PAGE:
• The region was formerly known as Bas-Congo.
  • The harvest in this region takes place between March and June.


  • The region is located in the north of the Congo.
  • Ituri shares a border with Lake Albert and Uganda.
  • The region has an area of about five thousand square meters, where large mountain ranges and deep valleys can be found.
  • The soils in Ituri are loamy and sandy, which allows for the cultivation of high-quality coffee.
  • The coffees of this region are grown at altitudes between 1600 and 1900 meters above sea level.
  • The coffees from this region have notes of grapefruit, sugar cane, blackcurrant and plum.
  • The coffee grown in Ituri is often smuggled into Uganda, which is a major problem.
  • The region is held in high esteem by shoppers as the quality of the coffee and consistent production levels make it one of the top choices in the country.


  • The region is located in the northwest of the Congo.
  • The harvest in Équateur is mainly based on the Robusta variety.
  • Harvest time in this region is between October and January.

Bord du Lac

  • The region lies on the border between Congo and Rwanda in the Albertine Rift.
  • Bord du Luc has excellent growing conditions.
  • The area of this region is about seven thousand square kilometers.
  • Bord du Lac has 3 main growing areas: Kabare, Idjwi Island and Kalehe.
  • The coffees of this region are grown at altitudes between 1450 and 1800 meters above sea level.
  • The coffees from this region have notes of apple, tropical fruits, coffee blossom, jasmine, chocolate, blackberry and orange.
  • Bord du Lac is home to some of the most prestigious cooperatives such as SOPACDI and Muungano.


  • It consists of 3 provinces: North Kivu, South Kivu and Maniema, all centered around Lake Kivu.
  • The coffees in this region are grown at altitudes between 1460 and 2000 meters above sea level.
  • The harvest in this region takes place between October and September.
  • Bourbon is the main coffee variety grown in Kivu.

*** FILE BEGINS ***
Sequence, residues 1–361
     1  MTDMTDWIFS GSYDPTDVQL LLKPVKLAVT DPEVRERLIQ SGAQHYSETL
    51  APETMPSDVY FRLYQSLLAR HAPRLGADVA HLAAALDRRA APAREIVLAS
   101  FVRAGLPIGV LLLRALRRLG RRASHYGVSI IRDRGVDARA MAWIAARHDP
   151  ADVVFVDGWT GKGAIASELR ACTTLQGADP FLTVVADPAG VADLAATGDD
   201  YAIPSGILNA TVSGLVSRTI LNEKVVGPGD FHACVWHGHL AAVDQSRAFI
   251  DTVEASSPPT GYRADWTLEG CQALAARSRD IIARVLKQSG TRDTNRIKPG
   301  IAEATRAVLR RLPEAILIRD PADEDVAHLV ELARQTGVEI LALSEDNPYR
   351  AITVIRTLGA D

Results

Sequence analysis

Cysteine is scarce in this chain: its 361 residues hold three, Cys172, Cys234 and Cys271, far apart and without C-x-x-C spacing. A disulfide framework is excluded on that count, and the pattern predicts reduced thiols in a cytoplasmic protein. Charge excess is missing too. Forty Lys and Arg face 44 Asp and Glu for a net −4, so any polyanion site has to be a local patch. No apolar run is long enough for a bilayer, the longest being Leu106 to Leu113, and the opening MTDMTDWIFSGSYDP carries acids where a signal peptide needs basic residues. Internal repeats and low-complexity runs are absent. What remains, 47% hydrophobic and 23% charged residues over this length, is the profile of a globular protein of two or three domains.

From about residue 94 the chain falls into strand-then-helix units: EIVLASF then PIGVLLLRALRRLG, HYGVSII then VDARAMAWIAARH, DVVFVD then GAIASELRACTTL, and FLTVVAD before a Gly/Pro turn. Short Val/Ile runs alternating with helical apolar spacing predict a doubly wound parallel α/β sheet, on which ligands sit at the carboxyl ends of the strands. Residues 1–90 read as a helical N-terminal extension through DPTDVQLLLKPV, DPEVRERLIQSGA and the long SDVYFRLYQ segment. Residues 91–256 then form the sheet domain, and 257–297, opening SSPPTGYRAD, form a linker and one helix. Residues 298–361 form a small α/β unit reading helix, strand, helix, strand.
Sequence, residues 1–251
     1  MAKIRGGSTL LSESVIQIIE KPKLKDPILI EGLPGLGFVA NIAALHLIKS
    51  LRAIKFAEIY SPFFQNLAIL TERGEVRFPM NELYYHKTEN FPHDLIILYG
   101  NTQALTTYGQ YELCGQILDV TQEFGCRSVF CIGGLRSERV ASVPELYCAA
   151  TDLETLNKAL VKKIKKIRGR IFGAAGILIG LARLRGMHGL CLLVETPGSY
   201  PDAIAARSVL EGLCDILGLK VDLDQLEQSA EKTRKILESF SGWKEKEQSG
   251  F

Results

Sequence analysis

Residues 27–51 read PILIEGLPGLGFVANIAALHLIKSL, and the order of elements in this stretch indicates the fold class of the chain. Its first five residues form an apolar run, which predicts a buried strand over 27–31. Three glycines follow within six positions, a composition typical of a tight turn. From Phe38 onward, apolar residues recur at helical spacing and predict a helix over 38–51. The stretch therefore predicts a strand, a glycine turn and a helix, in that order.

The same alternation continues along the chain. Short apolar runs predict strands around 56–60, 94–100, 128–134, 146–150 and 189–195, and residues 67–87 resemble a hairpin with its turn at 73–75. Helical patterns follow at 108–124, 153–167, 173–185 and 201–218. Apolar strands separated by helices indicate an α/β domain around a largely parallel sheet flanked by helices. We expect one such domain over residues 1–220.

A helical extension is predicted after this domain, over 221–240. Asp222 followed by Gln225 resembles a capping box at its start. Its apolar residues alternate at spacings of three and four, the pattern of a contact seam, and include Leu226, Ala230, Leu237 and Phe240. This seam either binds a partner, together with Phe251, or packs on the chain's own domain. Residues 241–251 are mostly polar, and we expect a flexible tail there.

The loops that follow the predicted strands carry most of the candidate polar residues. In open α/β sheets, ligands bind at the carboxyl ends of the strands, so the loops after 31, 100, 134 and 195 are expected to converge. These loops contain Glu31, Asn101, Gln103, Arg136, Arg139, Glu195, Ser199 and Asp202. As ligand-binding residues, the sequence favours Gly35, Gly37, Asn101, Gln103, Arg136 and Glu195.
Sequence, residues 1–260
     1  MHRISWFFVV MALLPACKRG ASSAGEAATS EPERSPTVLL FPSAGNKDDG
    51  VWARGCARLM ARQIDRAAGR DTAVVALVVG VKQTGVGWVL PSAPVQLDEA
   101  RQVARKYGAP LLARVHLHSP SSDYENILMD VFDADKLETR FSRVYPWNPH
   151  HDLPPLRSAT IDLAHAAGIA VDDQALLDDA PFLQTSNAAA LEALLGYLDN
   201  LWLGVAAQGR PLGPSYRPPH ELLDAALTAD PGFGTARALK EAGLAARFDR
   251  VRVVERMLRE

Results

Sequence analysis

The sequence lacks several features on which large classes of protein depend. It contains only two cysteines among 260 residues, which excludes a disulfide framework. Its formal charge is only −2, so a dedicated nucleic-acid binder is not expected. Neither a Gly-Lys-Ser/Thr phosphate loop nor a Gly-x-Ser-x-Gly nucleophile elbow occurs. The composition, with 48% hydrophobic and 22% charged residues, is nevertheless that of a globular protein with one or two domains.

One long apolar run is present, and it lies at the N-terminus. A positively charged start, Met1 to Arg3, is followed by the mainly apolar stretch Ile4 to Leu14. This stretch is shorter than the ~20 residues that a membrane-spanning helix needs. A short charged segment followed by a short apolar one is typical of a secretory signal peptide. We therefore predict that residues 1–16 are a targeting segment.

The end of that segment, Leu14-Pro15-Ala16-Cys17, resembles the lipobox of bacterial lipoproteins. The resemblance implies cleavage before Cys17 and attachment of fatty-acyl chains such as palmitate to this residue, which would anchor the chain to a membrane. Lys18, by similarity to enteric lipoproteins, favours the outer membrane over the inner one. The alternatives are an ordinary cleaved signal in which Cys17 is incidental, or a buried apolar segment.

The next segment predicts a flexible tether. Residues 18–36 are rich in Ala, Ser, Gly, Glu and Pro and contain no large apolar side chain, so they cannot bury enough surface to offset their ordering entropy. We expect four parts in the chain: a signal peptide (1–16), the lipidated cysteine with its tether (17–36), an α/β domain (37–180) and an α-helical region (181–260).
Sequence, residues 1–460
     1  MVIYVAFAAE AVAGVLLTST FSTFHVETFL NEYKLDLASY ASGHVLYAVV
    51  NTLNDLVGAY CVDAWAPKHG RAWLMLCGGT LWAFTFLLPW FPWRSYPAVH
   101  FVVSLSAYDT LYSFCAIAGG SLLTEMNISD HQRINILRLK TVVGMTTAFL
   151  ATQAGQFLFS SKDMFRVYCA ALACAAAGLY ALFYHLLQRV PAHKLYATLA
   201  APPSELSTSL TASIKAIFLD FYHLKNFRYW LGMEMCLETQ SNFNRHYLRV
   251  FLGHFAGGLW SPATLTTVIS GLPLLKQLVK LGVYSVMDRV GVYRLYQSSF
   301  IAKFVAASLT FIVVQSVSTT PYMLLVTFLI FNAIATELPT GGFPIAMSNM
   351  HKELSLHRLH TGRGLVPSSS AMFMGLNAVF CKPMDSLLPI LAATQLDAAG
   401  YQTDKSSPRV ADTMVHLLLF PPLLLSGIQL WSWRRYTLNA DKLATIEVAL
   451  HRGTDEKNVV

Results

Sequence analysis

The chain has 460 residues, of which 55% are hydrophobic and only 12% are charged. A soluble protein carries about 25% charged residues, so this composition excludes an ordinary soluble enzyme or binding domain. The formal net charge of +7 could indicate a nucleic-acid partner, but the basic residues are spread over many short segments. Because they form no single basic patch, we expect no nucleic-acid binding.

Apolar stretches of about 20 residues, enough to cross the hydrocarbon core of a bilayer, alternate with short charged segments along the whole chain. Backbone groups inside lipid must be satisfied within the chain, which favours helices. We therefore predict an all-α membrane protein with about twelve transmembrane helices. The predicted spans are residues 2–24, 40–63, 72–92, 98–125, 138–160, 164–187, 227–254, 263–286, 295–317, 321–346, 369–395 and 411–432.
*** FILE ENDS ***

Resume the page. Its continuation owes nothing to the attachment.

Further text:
• The region is located in the southeast of the Congo.
  • The area of the region is about sixteen thousand square kilometers.
  • Bourbon is the most commonly used variety in Ruzizi.
  • The region lies in a volcanic area and therefore produces coffees with citrus and fruit aromas.
  • Ruzizi coffees are medium-bodied and have aromas of lemon and melon with citrus and fruit undertones.
  • Ruzizi shares a border with Rwanda and Burundi.
  • The coffees in this region are grown at altitudes between 1400 and 2400 meters above sea level.

Eastern Congo

  • The region is located in the east of the Congo.
  • Kongo Oriental coffee is grown at altitudes between 1400 and 2200 meters above sea level.
  • Robusta beans are mainly grown in the region.
  • Harvest time in Kongo Oriental is between October and September.

Challenges for the coffee industry in Congo

In the Congo, various challenges have to be overcome in order for coffee to regain its importance; these are named below:

  1. Republic of Congo coffee buyers often set the price based on the New York Stock Exchange, which can be very detrimental to coffee farmers as they do not get a good price for their product.
  • The buyers in the Congo cannot buy the entire harvest from the farmers, or they offer more money for some containers and less for others.
  • The cooperatives and the various groups of coffee farmers do not have access to pre-harvest financing, which becomes a major problem as people cannot cover the production costs without a contract.
  • Corruption in Congo is causing delays in the coffee industry. In many cases, officials have to be paid to bypass the roadblocks, otherwise the coffee cannot be transported for long periods of time. Corruption also exists in the very high taxes levied on the export of agricultural products. Therefore, people decide to smuggle coffee to neighboring countries.
  • Since Congo’s independence from Belgium in 1960, there has been political instability and numerous conflicts. The various deposits of valuable minerals have been a major point of contention during the various rebellions that have taken place over the years.
  • Since there are no good roads in Congo, it is very difficult for people in remote areas to transport the coffee to the big cities where it is bought.

Interesting facts

  • The coffee industry in Congo received heavy financial support from the government in the 1980s and 1990s. It had 26 research stations across the country and over 300 professionals working at the National Institute for Agricultural Studies of the Belgian Congo.
  • Congo has a population of 87 million people. This is the fourth largest population on the African continent.
  • Armed conflicts in Congo have claimed the lives of more than 6 million people and displaced thousands in recent years.
  • The Republic of Congo exported 120,000 tons of coffee in the late 1970s, down from 10,000 tons in 2002.